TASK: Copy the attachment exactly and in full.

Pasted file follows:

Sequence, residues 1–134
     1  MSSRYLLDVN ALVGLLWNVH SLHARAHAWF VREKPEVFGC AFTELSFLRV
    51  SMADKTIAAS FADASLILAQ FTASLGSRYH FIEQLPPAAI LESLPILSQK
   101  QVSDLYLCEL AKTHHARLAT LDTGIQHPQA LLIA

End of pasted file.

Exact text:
Sequence, residues 1–134
     1  MSSRYLLDVN ALVGLLWNVH SLHARAHAWF VREKPEVFGC AFTELSFLRV
    51  SMADKTIAAS FADASLILAQ FTASLGSRYH FIEQLPPAAI LESLPILSQK
   101  QVSDLYLCEL AKTHHARLAT LDTGIQHPQA LLIA